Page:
The house sale contingency clause makes a buyer’s offer to purchase the seller’s home contingent upon a buyer receiving and accepting an offer to purchase their current home. This clause is meant to protect buyers in the event that they are unable to close on the sale of their current home before they close on the sale of their new home.

This means that if buyers are unable to sell their current home for their asking price within an amount of time specified in the contingency clause, they will be able to back out of the transaction without facing any legal or financial consequences.

Sellers with good reason might be reluctant to accept an offer contingent upon the buyer selling their existing home and they might only accept such an offer as a last resort. If you are buying in a competitive market where buyers are competing over limited inventory, presenting a seller with an offer to buy their home that is contingent upon selling your current home might work against you. However, if you are looking to buy in a slower market, a seller might be more likely to accept this type of offer.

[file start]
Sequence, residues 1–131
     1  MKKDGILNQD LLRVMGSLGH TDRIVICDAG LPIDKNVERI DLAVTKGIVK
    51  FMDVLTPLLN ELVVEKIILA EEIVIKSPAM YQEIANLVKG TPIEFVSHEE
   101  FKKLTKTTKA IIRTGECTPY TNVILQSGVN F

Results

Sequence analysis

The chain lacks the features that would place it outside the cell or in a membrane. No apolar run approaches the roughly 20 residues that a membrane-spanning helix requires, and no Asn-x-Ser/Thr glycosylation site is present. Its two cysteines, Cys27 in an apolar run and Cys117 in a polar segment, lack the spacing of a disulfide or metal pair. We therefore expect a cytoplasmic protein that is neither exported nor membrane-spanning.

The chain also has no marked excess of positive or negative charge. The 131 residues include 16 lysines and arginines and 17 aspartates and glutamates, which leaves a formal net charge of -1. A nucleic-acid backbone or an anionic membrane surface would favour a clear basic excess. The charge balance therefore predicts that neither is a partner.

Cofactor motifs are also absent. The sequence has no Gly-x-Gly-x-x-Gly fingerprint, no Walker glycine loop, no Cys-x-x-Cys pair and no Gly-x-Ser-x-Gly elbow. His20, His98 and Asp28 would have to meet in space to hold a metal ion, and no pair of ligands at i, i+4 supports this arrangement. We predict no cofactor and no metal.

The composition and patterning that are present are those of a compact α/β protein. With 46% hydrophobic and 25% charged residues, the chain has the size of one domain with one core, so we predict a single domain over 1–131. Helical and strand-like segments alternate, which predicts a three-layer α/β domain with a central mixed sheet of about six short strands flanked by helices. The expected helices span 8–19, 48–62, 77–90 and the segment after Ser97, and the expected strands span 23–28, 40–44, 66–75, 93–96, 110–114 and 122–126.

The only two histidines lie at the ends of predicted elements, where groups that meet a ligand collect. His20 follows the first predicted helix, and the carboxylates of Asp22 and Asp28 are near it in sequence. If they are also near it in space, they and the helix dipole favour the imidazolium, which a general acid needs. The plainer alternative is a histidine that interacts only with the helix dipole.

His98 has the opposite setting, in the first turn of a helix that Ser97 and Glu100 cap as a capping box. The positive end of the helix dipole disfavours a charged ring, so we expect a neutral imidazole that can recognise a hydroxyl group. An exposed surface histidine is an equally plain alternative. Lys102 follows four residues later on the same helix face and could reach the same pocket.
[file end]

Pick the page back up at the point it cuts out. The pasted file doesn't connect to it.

Offers that are contingent upon the buyer being able to sell their existing home before buying a new home are meant to protect buyers who are looking to sell their home before buying another home. The specific details of any contingency, especially a house sale contingency need to be specified in the Agreement of Purchase and Sale documents. Since real estate contracts are legally binding it is important that buyers and sellers review and completely understand the terms of a house sale contingency.

There are two types of house sale contingencies, the sale, and settlement contingency and the settlement contingency.

The sale and settlement house sale contingency clause

The sale and settlement contingency means that a buyer’s offer to purchase a seller’s home will be dependent upon the buyer selling and closing on the sale of their existing home. This type of contingency is used when a buyer has not received and accepted an offer to sell their current home.